Tennis superstar Naomi Osaka lit the flame, the beacon of hope the Olympics attempts to be as the Tokyo 2020 officially commenced a year later than planned amidst a global pandemic.
Unlike the norm, Friday’s opening ceremony was a deviation as there were no carnivals and colourful performances but a more sombre tone, a sobering reminder that this is a Games taking place in a world still facing its toughest challenge.
“Today is a moment of hope,” said Thomas Bach, president of the International Olympic Committee (IOC).
“Yes, it is very different from what all of us had imagined. But let us cherish this moment because finally we are all here together.”
But the lack of a crowd was stark as socially distanced and masked athletes – though some went without – waved to empty stands, no roar accompanying their march into the stadium.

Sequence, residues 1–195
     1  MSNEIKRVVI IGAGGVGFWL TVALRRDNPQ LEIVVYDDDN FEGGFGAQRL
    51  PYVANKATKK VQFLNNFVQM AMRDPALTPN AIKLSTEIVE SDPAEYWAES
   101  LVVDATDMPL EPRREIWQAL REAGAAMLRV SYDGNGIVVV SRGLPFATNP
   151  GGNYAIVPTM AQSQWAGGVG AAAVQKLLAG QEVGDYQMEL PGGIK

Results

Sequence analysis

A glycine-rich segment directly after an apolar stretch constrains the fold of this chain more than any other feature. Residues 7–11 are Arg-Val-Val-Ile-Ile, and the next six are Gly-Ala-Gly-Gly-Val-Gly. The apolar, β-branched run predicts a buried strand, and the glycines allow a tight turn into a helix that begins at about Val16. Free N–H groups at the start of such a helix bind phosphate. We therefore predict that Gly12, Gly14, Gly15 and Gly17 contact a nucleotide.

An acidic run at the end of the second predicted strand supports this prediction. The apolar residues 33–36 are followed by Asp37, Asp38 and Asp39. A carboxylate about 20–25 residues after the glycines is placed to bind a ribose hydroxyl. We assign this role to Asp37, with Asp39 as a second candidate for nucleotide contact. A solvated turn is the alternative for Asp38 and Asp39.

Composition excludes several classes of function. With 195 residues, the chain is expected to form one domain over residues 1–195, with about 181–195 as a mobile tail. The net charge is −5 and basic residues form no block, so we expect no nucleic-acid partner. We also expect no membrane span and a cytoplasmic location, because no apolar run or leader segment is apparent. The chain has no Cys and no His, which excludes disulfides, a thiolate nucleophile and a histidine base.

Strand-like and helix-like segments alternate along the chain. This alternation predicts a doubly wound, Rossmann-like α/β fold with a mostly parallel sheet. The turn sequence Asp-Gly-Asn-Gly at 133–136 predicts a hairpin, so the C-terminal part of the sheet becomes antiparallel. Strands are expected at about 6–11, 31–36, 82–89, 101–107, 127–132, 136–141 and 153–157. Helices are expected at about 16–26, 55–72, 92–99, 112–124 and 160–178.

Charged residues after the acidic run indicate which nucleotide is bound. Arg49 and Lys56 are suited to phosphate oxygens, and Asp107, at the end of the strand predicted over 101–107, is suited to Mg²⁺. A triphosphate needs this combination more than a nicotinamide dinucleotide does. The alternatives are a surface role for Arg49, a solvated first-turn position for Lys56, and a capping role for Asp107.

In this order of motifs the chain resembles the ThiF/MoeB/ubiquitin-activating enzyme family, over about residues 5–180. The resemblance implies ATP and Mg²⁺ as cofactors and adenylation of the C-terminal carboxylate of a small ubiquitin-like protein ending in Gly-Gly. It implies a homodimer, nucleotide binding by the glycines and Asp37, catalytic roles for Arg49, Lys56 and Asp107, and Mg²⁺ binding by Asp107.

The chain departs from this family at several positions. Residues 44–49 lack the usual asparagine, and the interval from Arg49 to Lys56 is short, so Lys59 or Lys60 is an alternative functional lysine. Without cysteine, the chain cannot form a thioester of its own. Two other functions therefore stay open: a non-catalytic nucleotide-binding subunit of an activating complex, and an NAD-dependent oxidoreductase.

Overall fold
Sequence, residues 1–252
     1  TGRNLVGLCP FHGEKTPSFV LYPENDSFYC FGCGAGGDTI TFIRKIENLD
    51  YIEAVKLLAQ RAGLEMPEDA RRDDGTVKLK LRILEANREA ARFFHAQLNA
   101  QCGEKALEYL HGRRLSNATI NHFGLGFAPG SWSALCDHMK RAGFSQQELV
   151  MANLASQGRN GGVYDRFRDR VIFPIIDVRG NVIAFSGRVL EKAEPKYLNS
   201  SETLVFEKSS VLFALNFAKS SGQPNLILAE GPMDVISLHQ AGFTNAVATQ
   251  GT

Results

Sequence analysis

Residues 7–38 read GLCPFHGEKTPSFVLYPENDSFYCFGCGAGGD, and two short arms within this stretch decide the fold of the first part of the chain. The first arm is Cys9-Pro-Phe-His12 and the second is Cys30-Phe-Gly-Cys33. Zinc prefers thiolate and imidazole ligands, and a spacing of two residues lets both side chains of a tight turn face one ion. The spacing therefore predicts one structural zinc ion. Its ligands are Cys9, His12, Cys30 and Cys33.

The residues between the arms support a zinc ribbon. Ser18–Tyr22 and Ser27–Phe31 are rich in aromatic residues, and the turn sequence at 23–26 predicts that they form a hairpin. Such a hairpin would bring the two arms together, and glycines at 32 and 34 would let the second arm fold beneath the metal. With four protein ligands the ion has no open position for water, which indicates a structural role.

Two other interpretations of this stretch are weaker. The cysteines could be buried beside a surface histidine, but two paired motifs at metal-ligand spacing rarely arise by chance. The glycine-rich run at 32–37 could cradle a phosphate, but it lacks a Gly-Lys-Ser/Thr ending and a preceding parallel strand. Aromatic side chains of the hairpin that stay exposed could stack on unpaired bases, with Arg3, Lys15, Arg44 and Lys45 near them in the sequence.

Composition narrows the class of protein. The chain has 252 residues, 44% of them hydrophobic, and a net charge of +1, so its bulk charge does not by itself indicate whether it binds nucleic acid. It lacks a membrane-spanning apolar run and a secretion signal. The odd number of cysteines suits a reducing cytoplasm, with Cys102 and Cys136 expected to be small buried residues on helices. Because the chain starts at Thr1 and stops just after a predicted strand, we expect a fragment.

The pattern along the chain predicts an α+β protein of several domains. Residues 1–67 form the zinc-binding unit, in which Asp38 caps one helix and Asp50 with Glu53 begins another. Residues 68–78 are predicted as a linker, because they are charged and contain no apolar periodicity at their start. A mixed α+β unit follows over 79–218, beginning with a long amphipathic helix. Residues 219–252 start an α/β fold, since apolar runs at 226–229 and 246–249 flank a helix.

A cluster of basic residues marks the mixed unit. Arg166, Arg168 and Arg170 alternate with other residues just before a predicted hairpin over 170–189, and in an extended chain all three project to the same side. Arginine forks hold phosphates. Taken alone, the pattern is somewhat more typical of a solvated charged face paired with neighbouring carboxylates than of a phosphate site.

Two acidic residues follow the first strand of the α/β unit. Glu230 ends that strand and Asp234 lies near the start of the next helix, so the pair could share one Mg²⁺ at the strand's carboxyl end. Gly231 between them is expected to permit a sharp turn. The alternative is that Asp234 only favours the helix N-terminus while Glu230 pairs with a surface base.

Smatterings of applause sounded from the few inside. Just the media and some 900 dignitaries watched on in the 68,000-seater venue, including US First Lady Dr Jill Biden and French president Emmanuel Macron.
This particular Games is going to be different, dampened by masks, positive tests and the absence of fans.
But it is still the Olympics; still the greatest platform for mankind to share her humanity and togetherness.